When it comes to mastering, you need to be able to hear super highs and lows. And that's the main problem with using smaller speakers in a smaller room for mastering.

Things will usually translate well across most speakers. But if you're mastering, you need to have full range speakers. Otherwise, you can't master because you can't hear what's going on in the low end and on at the top.

Now, you might be thinking, "But you have really small speakers at the back of the room!" Those speakers are key audio speakers; they are full range speakers, even if they don't look like it. They go mega low and loud, and they are perfect for me to master on because I get to hear a lot of detail that's going on in the mid-range, which is what I want. That way I can hear really good high end with a very smooth open good stereo image, and I can also hear the super low and get those tight.

Most top mastering guys just have one pair of speakers because those are full range; they know them, they know the sound of the room. They know that if it sounds good on those, it's going to sound good everywhere else.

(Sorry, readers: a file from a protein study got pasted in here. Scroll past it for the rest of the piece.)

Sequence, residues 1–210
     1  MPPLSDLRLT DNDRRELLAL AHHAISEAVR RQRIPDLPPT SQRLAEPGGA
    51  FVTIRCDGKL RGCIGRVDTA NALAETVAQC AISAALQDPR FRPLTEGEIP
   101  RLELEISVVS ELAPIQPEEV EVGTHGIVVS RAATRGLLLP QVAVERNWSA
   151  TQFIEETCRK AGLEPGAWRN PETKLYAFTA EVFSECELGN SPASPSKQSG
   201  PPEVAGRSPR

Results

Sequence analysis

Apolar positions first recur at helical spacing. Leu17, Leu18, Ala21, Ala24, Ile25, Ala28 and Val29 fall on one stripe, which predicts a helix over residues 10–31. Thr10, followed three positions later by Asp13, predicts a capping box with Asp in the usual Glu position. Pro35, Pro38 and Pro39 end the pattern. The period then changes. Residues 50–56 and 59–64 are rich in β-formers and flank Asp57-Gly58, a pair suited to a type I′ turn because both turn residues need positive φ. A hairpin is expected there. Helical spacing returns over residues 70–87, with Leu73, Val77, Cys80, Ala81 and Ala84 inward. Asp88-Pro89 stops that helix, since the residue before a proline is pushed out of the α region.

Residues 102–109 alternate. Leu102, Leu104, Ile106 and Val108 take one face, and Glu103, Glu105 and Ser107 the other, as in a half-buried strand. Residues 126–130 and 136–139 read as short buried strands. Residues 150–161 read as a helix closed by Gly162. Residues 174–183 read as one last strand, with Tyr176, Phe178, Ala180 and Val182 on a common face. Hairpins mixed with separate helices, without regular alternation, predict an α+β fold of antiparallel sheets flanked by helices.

That said, it's as much about having the room set up correctly. If it isn't, you'll likely get this fake level on the top that sounds bright and open in your room, but dull and dreary elsewhere. You also need to have the right size and type of speaker for your room. If you can, get a space that's big enough, with full range monitors. A small room will do, but don't go for massive speakers since you're not going to get a good bass response out of them.

If I were you, I'd be thinking about a two-way with a sub. It gives you that extra lower octave, doesn't get involved with any of the lower frequencies, and you can turn it off. You're going to need some room correction software, though, because it's going to be a bit all over the place.

Before asking somebody to master your stuff, make sure that you can see exactly what I've just said above. They've got a room that's made for the size of the speakers, and they have full range monitors. That lets you know that when it plays everywhere else, it will play fine.

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